January 24, 2011

Tribute: Rozier was a public face of Emory

John W. Rozier was 92

John W. Rozier, Emory's longtime communications director who used his intimate knowledge and extensive network to raise the University's profile, died from respiratory failure on Jan. 8 at his Atlanta home. He was 92.

A Sparta, Ga. native, Rozier '39C-'47G first enrolled in Emory during the Great Depression. Back then, the University was a burgeoning, regional institution with an enrollment of less than 1,500. Rozier delayed his studies for a year while earning his tuition at an insurance firm. He later graduated Phi Beta Kappa in time for World War II. He volunteered for the Navy and commanded a landing craft tank through four Mediterranean invasions, including the war's largest amphibious operation in Sicily with a front spanning more than 100 miles.

After the war, Rozier returned to Emory to receive his MA in journalism, edit The Emory Wheel and meet Dorothy Evans, the woman who would become his wife of 61 years. Later, as a Foreign Service Officer, he attended ceremonies inaugurating the Korean Republic in 1948 and was among the last American officials to evacuate China during the communist revolution in 1949. He fled Chungking with a cash-filled embassy satchel manacled to his wrist.

After receiving a plum assignment in Beirut, Rozier left government in 1952 to purchase the weekly Wrightsville, Ga. Headlight newspaper, serving as publisher and occasional delivery boy. He later owned the Henrico County Herald in Richmond, Va., before moving to Atlanta to comb Vogue for story ideas as editor of the woman's pages for what was then The Atlanta Constitution.

In 1959, Emory recruited Rozier to direct the Emory News Bureau, a precursor to the University's Office of Communications and Marketing. During his two decades in the post, Rozier served under three University presidents, led the Campus Report (now Emory Report), and helped solidify Emory's national reputation.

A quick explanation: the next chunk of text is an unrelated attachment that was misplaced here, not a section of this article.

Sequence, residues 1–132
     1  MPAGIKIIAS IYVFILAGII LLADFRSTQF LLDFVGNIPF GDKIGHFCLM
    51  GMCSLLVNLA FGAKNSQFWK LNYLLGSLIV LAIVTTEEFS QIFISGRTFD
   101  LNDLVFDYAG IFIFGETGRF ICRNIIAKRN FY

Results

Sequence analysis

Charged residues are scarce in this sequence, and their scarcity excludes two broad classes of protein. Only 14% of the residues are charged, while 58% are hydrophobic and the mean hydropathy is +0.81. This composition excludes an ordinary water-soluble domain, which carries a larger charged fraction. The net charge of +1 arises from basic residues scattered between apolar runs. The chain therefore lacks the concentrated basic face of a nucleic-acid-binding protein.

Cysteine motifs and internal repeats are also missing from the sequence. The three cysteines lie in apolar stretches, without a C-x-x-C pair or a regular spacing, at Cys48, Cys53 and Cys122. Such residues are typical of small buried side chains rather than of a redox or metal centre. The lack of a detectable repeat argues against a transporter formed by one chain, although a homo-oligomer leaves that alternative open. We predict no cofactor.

A consummate professional, he crafted the University's communications strategy during pivotal moments, including University desegregation and the 1965 "God is dead" controversy.

"Everybody knew John in those days. He was such a popular figure around campus and he always had a twinkle in his eye," recalls Linda Matthews, retired director of the Woodruff Library.

Rozier maintained his easygoing nature even while orchestrating damage control, says Dorothy Rozier '46J. He frequently walked to work and swam laps with the students during his lunch hour.

"If he didn't like somebody, you wouldn't know it," echoed his son, John Paul.

To honor Emory's sesquicentennial in 1986, Rozier volunteered to conduct a series of audio interviews with influential faculty members to discuss the shifting landscape of the University, remembers Ginger Cain '77C-'82G, interim director of the Manuscript, Archives, and Rare Book Library (MARBL).

"He watched Emory grow up and he appreciated the changes," she says.

For his service, Rozier was recognized by the American College Public Relations Association and received Emory's Alumni Award of Honor in 1978 and Distinguished Emeritus Award in 2007.

He retired from Emory in 1979, after being awarded a National Endowment for the Humanities grant to research political developments in Hancock County, Ga., his family's home since the 18th century. The result was "Black Boss: Political Revolution in a Georgia County," followed by two award-winning books on Southern culture, "The Granite Farm Letters" and "The Houses of Hancock."

A voracious reader and book collector, Rozier donated his source material for "Black Boss" to MARBL and remained active in the University by attending readings and events at Woodruff Library. He was a regular participant in the Corpus Cordis Aureum, a University Commencement event that celebrates alumni who graduated 50 or more years ago.

"John was a complete gentleman who loved Emory and labored on its behalf with utmost distinction," says Trustee Emeritus Charles "Pete" McTier '61BBA. "His sincerity, respectfulness and friendliness were hallmarks of his personality."

Rozier rarely discussed his personal accomplishments, preferring to immerse himself in University archives before point-and-click research became the norm.

"He felt like Emory was the story, not him," says Cain.

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